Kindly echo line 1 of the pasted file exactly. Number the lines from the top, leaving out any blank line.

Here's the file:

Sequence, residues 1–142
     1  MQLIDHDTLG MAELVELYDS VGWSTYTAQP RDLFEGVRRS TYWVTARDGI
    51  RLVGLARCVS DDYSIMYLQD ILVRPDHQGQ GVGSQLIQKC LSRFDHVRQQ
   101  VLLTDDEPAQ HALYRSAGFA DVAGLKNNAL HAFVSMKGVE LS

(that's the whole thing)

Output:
Sequence, residues 1–142